John Coltrane: An Experimental Musician.
Jazz, which evolved from African American folk music, has developed and changed over the last century to become an art form in America. It places particular importance on inventive self interpretation. Rather than relying on a written piece, the artist improvises. Jazz has taken many forms over the past seventy years; there is almost always a single person who can be credited with the evolution of that sound. From Thelonius Monk, and his bebop, to Dizzy Gillespie's big band, to Miles Davis' cool jazz, or to John Coltrane's free jazz; America's music has been developed and refined countless times through individual experimentation and innovation. In my opinion the most noteworthy artist in the development of modern jazz is John Coltrane. In this paper, I will focus on the way in which Coltrane's musical originality was related to the sounds of his predecessors and to the tribulations and tragedies of his life.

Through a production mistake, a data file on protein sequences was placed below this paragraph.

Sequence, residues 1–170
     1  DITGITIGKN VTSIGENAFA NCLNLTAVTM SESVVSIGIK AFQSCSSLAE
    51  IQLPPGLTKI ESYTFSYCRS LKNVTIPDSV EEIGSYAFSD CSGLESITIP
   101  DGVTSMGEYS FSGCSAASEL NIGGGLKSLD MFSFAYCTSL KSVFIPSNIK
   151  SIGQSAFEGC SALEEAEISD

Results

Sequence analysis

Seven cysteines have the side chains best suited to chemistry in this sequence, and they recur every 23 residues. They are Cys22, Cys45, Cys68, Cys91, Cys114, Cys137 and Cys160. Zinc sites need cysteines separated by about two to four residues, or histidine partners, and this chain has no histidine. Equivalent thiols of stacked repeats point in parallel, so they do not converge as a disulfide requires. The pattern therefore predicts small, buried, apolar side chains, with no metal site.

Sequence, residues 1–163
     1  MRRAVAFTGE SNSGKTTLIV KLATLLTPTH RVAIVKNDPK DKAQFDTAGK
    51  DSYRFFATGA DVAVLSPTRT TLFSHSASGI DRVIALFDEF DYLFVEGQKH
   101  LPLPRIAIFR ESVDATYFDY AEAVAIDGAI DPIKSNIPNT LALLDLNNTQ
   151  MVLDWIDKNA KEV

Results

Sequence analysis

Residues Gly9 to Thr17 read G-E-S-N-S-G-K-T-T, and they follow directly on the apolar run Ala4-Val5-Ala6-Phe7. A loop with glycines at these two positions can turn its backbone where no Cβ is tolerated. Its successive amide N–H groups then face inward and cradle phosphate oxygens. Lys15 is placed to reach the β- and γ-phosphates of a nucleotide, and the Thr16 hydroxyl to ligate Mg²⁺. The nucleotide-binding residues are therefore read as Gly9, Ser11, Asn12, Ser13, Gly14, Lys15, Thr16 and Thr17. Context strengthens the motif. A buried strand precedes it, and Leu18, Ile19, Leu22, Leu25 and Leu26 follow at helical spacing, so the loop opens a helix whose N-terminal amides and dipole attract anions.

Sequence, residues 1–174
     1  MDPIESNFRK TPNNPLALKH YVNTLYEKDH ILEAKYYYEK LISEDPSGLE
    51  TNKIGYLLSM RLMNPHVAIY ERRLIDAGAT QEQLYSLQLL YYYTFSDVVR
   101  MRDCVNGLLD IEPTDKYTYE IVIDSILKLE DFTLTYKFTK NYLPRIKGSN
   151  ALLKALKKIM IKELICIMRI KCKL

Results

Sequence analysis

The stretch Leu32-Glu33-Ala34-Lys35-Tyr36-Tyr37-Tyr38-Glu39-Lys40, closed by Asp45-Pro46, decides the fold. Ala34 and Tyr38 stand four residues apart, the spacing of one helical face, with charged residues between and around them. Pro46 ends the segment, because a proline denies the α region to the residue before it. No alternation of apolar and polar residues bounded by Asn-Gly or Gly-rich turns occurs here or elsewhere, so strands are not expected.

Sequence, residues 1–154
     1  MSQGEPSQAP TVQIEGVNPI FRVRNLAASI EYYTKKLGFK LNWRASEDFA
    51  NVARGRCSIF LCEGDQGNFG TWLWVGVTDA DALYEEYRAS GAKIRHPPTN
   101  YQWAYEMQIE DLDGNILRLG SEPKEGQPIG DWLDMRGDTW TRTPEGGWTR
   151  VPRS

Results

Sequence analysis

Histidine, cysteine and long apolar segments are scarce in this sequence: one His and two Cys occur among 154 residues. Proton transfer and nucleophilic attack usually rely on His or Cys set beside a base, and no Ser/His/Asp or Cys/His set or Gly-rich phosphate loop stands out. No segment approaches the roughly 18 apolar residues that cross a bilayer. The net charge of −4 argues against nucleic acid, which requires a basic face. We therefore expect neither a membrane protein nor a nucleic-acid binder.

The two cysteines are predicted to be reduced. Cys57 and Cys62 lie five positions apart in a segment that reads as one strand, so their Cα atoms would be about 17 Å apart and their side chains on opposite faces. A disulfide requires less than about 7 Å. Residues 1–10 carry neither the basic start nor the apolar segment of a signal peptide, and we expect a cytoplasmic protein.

was born in Hamlet, North Carolina, on September 23, 1926. Two months later, his family moved to High Point, North Carolina. He grew up in a typical black family in the South. The Coltranes were very religious and steeped in tradition. Playing was in his blood. Both of his parents were musicians, his mother was a member of the church choir and his father played the violin. For several years, young Coltrane played the clarinet, however it wasn t his passion. It was only after he heard the great alto saxophonist Johnny Hodges playing with the Duke Ellington band on the radio, that he became enthusiastic about music. He dropped the clarinet to take up the alto saxophone, before long he had mastered it.
At the young age of thirteen, he experienced several tragedies that would affect his life forever and would greatly impact his music later in life. Within a year, his father, his uncle, and his minister all died. He lost every important male influence in his life.